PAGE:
Native American and Alaska Native Heritage Month

Returning home Through Togetherness

From our Leadership

VMM Executive Director Francene Blythe

Vision Maker Media Executive Director,
Francene Blythe

Home can be a location, culture, community, family, or a deep feeling of connection.

Loss of home can be a distressing experience. We anxiously wait, pray, participate in ceremony, worry and grieve while the person, sacred item, or place is gone, missing, removed, taken, stolen, absent. We dream and fantasize of the return to family, friends, and community— to the “home.” 

In our Native cultures, we have faced many atrocities since invasion, which began the loss of everything. Yet today in spirit, beliefs, practices and thoughts, we retain hope that the missing will return home. Some actively fight for the return to culture, family, and community. Some wait and pray for the return. Some mourn because we know the return home will not be possible.

I have heard many folkx, both Indigenous and non-Indigenous alike from around the world, speak of their homes. For some, home represents the closeness of their family and for others it’s the homeland. Many shared that ingrained within their soul and spirit is a yearning for, a sense of, or an understanding of the cultural roots that binds them to their sense of home.

Our Native culture, knowledge, gathering, spirit, ceremony, and wisdom helps carry us through the journey, the belief, and the hope of returning home. Our cultural connection to home helps us endure, hope, pray, practice ceremony, and believe that the absent one will someday return home. Even if we have to fight against others for their return, we will fight. We know that a return home completes our community. We celebrate and rejoice the return home with reception, and for the future hopes and dreams the return can bring. We express gratitude and happiness that what was gone has returned.

Returning home is not always easy, nor is a return home always met with fanfare. Nonetheless, our connection to home in our Native culture, engages our spirit to practice our ceremony, which joins our humanity to the place of belonging that we call home.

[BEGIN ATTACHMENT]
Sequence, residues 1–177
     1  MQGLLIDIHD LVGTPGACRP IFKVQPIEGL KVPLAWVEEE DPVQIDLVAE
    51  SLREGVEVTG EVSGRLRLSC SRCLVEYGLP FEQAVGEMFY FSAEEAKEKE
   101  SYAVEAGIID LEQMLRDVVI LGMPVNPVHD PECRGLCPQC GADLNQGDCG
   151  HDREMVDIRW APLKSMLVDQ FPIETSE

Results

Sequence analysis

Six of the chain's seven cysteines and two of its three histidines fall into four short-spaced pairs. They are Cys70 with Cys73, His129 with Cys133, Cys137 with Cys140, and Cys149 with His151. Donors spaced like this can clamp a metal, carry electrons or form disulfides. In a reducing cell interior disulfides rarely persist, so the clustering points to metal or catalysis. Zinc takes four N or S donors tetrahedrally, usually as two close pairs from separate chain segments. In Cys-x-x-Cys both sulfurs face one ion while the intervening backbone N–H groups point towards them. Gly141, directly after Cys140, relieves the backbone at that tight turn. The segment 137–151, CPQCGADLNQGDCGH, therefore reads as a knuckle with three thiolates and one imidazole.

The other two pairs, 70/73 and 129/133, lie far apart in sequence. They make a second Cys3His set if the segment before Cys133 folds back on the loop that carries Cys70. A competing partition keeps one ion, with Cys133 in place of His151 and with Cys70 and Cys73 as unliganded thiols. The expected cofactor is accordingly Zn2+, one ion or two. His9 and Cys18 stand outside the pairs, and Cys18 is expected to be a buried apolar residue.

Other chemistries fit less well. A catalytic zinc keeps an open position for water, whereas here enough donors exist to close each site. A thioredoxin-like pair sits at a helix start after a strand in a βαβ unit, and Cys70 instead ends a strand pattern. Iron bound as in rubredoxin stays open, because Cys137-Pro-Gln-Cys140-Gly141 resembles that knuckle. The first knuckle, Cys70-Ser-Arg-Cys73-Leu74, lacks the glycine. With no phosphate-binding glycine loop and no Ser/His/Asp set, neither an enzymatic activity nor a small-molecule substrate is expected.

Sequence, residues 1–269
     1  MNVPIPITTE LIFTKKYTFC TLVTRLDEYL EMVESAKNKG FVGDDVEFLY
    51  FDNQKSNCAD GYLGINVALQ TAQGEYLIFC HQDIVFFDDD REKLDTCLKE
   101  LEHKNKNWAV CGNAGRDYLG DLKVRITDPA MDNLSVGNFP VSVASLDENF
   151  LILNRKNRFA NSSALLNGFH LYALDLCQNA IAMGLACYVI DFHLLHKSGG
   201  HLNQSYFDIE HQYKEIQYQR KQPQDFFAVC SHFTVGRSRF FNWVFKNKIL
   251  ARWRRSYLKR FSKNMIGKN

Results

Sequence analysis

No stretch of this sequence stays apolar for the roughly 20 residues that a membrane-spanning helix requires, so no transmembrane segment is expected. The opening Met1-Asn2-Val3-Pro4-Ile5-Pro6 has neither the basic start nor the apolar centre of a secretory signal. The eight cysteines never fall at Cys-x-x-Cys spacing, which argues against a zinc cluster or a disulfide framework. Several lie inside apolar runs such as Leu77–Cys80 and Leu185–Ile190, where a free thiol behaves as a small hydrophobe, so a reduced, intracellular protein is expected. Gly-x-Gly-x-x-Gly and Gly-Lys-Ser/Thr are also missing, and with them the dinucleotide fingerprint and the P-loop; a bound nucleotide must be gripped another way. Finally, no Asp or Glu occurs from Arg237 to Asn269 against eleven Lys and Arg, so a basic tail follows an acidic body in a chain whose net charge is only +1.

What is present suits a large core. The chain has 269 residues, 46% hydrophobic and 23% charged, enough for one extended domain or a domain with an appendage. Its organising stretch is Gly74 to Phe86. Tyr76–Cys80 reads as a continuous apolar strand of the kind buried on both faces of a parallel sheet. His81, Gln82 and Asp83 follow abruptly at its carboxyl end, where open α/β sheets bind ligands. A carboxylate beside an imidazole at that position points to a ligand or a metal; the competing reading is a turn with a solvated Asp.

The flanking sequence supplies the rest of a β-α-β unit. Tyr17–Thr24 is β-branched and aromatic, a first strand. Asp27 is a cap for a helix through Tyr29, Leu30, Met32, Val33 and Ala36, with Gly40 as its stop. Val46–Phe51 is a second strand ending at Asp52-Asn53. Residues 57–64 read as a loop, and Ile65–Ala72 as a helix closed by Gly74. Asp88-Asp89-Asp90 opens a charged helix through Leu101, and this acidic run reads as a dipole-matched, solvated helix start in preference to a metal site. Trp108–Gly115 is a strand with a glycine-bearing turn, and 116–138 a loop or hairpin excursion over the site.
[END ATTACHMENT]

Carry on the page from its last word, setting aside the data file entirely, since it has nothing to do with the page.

In our programs for November, we share stories about warriors, boarding school children, loss and death. As warriors, the fight to safeguard and return home keeps us persevering. As children, when removed from the home—whether through boarding school or foster care forced removals—the memory of home keeps us hopeful that we will reunite someday. For the missing and departed, we pray for their return. Home is in our spirit and returning home through togetherness remains the hope.

PBS Chief Programming Executive and General Manager, General Audience Programming,
Sylvia Bugg

Film Premieres and Rebroadcasts

Commemorating Veterans

"Under the Battle Tipi: The Kiowa Black Leggings Warrior Society"

Streaming Short Film Series

Virtual Panels

"Returning Home Through Togetherness:
What Does it Mean to Be a Warrior"

November 11, 2021 | 6 PM CT

The “Returning Home Through Togetherness: What Does It Mean to Be a Warrior” panel is now available on-demand!

At the November 11th panel, Native veterans who are members of warrior societies discussed their roles and responsibilities as providers and defenders of their tribe, community, and culture.

View the original event page below, or click the video to the right and watch the panel now.

Presented in Partnership with World Channel and America Reframed

"Returning Home Through Togetherness:
Healing from Historical Trauma

November 17, 2021 | 6 PM CT

In recognition of Native American and Alaska Native Heritage Month, join Sandy White Hawk (Sicangu Lakota), Anitra Warrior (Ponca Tribe of Oklahoma) and Drew Nicholas for a panel discussion exploring the effects of historical trauma endured by the Native American community in boarding schools and through adoption and repatriation with excerpts from America ReFramed films. Moderated by journalist and media critic Jenni Monet (Laguna Pueblo) and presented in partnership by WORLD Channel, America ReFramed and Vision Maker Media.

Visit the WORLD Channel and America ReFramed pages for more Native American and Alaska Native Heritage Month programming all month long using the buttons below.

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Walt Pourier

Vice Chair

Walt is Oglala Lakota and created the logo for Urban Rez. He is Creative Director, owner of Nakota Designs Advertising Designs and Graphics. Executive Director of the Stronghold Society nonprofit dedicated to instilling hope and supporting youth movements through Live Life Call To Action Campaigns.


Project Coordinator​

(Hataža Mani Winga)​

"Cinema Aficionado"

Role: Jordana is excited to engage with different Native/Indigenous communities. Her passion for working with youth will help develop the Native Youth Media Project. She will also assist with the Creative Shorts Fellowship (CSF) to help organize deliverables for filmmakers.